But if one broadcast “went tabloid” night after night, would it win? “Probably,” Williams sighs. “It’s sitting out there for the taking. Anyone wants to do it, they can do it. And if it results in what everyone fears—a tabloid juggernaut—we’ll be the happiest second-place newscast in the country.”
At CBS, Fager believes “the country is so sick of all the celebrity stuff, which we’re completely drowning in. The same thing with crime; it starts to look the same. If someone said to me, ‘Look Jeff, you have to go downmarket,’ I’d say, ‘Find someone else to do it.’”
No such drama seems imminent. News ratings tend to change slowly, but it appears the ratings race is getting tighter. Season averages (September 2010-May 2011 versus September 2011-May 2012) show that in the first year of head-to-head competition with the current anchors, the CBS Evening News gained 236,000 viewers (+4 percent), while NBC Nightly News lost 429,000 (-5 percent) and ABC World News lost 390,000 (-5 percent). Because NBC lost more viewers than ABC, the gap between them (about a million viewers) is a bit smaller. As a result of its gains and the others’ losses, CBS moved closer to NBC and ABC by more than 600,00 viewers. And executives at ABC see what they hope are signs of a trend that would make the race tighter: Toward the end of the season, World News cut the gap with Nightly News to about half a million viewers in some weeks, and actually beat Nightly News on two nights.
Williams and his program are reliable and credible, and Williams has the advantage of having anchored the evening broadcast the longest. At ABC, words like “downmarket” and “tabloid” seem less relevant than “most watchable.” Many nights, Sawyer offers a satisfying mix of traditional news, soft features, news you can use, and the kind of “guilty pleasure” items that even news snobs are most likely to talk about—whether it’s over that back fence or over cocktails on Manhattan’s Upper East Side.
Sawyer is a star; the unknowable issue is whether, over the long haul, her style is too over the top for viewers, or whether it’s appealing in the context of a “news lite” broadcast. At CBS, Pelley remains in last place, but he’s gaining back many of the viewers (especially men) who were turned off by Katie Couric.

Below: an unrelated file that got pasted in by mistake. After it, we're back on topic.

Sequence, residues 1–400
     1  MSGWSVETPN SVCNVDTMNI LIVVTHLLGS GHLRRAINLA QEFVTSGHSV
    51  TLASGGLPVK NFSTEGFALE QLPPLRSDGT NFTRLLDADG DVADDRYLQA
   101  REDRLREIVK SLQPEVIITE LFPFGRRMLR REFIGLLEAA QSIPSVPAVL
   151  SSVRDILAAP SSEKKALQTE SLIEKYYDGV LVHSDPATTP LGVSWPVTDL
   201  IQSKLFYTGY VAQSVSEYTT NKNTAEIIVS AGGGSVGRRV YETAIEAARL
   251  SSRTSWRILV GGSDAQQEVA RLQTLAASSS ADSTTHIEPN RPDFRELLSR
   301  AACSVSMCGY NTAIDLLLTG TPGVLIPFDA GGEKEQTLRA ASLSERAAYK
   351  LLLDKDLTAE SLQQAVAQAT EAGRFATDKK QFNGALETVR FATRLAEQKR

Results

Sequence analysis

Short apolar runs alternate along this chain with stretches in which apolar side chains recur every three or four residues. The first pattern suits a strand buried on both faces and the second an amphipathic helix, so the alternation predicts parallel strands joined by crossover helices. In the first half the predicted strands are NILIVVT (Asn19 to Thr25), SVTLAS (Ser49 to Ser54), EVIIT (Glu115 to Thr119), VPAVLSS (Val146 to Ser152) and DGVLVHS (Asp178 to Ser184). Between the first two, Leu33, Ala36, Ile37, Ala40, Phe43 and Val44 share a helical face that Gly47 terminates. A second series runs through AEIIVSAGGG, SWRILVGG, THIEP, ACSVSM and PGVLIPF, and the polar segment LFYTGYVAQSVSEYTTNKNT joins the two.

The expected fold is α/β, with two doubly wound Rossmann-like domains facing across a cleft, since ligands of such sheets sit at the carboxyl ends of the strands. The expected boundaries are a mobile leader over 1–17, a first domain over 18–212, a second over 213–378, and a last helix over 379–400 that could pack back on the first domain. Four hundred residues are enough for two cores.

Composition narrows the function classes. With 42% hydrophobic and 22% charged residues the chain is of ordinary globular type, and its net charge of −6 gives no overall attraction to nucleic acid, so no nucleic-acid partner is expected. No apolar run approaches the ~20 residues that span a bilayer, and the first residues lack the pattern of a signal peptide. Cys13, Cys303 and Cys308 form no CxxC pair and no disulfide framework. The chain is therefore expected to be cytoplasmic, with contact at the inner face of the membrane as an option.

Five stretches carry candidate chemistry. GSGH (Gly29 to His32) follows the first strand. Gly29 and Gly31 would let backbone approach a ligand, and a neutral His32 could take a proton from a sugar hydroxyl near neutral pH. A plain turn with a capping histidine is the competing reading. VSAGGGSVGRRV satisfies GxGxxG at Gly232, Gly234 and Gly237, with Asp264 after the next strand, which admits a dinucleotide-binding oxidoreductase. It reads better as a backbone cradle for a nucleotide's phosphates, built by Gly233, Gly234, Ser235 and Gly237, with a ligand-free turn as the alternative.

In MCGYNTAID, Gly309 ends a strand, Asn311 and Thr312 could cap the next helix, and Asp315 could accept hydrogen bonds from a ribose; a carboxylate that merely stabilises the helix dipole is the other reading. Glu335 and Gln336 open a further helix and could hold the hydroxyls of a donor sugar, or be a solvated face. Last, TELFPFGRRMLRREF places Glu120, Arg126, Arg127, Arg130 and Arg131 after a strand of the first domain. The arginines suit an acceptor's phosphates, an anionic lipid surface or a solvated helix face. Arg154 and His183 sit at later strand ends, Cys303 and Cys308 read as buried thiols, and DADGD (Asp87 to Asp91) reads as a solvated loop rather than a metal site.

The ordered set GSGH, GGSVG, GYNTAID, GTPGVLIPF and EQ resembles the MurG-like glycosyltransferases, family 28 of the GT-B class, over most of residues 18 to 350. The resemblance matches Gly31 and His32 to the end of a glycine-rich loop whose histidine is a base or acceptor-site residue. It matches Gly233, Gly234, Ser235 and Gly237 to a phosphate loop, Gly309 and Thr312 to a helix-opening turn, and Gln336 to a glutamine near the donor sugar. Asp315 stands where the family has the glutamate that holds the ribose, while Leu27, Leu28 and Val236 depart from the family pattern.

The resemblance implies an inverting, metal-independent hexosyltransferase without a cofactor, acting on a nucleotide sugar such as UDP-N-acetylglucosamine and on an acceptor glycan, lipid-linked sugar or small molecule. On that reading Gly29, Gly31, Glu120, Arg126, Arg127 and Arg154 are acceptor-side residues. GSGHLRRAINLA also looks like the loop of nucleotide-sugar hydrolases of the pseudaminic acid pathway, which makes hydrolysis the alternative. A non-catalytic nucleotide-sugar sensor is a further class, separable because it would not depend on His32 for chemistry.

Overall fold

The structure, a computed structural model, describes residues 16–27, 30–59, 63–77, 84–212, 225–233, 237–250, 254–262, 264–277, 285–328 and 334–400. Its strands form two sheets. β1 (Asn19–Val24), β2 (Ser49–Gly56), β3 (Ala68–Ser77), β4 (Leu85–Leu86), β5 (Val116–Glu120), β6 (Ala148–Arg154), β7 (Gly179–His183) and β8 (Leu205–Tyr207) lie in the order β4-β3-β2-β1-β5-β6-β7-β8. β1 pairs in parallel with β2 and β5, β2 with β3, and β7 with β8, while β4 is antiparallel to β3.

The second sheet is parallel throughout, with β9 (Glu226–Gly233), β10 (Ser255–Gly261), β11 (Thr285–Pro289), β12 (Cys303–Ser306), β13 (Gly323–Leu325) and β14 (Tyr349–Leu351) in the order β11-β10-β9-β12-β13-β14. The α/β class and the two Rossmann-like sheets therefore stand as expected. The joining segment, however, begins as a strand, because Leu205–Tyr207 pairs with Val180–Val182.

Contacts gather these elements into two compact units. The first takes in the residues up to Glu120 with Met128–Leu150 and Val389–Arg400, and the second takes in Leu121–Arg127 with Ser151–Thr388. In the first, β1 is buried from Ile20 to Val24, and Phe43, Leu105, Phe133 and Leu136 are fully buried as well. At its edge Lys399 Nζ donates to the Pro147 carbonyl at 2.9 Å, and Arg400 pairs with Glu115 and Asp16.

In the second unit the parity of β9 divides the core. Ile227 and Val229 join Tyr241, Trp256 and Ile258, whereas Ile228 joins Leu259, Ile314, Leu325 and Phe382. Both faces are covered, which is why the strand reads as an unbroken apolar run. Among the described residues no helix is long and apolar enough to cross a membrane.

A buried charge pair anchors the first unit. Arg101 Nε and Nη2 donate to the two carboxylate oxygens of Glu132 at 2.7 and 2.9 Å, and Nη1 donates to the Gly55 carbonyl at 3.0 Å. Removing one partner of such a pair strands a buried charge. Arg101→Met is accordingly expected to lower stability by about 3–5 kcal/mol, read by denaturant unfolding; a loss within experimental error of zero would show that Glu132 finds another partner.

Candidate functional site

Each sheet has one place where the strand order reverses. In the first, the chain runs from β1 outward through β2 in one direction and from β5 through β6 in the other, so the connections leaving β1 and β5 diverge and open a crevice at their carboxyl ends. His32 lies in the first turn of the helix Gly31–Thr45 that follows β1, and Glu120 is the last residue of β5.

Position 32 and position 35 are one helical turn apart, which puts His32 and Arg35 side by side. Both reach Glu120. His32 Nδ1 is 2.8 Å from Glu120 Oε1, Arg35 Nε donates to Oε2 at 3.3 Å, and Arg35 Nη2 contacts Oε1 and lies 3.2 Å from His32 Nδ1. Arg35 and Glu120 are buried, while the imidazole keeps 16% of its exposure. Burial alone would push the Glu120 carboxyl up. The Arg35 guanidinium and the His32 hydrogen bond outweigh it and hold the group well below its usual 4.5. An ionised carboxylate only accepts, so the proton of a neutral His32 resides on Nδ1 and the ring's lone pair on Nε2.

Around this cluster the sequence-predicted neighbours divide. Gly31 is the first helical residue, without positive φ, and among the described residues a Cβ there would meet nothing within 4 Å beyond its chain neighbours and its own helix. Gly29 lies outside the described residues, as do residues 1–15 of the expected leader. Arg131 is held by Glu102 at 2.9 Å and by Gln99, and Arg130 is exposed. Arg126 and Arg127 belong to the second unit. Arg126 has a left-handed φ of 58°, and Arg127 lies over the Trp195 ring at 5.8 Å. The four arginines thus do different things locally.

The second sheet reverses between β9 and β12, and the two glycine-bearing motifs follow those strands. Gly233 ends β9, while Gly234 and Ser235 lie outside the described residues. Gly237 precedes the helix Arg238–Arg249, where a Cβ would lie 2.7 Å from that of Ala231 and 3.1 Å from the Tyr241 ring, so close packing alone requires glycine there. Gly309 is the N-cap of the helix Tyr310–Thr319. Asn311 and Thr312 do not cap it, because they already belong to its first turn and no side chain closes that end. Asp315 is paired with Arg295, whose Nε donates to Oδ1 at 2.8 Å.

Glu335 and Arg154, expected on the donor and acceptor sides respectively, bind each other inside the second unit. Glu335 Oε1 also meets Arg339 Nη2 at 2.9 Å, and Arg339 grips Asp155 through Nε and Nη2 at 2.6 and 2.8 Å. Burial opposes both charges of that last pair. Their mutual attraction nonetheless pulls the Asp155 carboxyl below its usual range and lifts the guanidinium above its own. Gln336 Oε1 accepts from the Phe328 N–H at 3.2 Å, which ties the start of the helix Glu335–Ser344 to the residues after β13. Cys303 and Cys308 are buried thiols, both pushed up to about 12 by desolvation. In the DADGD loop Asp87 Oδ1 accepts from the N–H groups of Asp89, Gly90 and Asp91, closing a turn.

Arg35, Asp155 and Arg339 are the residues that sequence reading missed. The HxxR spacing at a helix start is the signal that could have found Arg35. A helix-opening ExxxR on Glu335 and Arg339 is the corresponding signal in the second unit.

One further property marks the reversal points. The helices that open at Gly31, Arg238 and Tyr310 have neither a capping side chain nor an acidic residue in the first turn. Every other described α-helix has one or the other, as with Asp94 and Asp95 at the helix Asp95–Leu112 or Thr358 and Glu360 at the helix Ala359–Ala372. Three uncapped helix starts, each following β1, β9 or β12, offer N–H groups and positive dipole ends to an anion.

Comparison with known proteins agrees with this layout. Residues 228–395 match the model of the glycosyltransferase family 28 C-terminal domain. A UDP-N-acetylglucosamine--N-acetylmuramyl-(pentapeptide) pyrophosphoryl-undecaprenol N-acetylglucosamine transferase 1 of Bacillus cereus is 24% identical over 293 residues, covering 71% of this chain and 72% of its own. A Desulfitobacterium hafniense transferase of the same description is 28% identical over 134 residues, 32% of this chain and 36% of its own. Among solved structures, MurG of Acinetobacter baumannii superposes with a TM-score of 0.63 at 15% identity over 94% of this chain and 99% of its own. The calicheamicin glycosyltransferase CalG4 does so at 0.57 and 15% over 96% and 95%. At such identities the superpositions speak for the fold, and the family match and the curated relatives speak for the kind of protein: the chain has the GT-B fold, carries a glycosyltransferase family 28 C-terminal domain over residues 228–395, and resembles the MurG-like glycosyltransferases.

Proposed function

“What’s exciting right now is that the game’s on,” Sherwood says. “For the first time in a really long time the game’s on.”
As long as the game is on, and the three broadcasts are seen as viable alternatives, there is some protection from the biggest threat to the evening newscasts: being closed down by their corporate parents. The news divisions are understandably skeptical about assurances from their parent companies that news is loved and respected; budget cuts imposed on the news divisions over the last 10 years have left them battered. The corporate argument goes this way: “This is a business, and it makes no business sense to broadcast a program that costs so much money, attracts an audience too small to produce enough revenue, and doesn’t provide anything unique.”
It is no secret that at both ABC and CBS, corporate management has pushed news management to make deals with CNN that would get them out from under the very high costs and—in some years—the losses involved in maintaining the highly paid staffs and expensive facilities needed to produce the evening newscasts. So far, the talks have come to nothing because the networks have union contracts and CNN doesn’t, and that makes it nearly impossible to share resources. One alternative that has been discussed is to get around the union barriers by licensing CNN to produce an evening newscast for a network, for a fee that would be less than what the network spends to maintain its own staff and facilities.
Another alternative is to simply abandon the evening news business, while continuing to produce magazine programs and possibly the morning program, for a decent profit. It doesn’t require a big, expensive news gathering infrastructure to implement that option.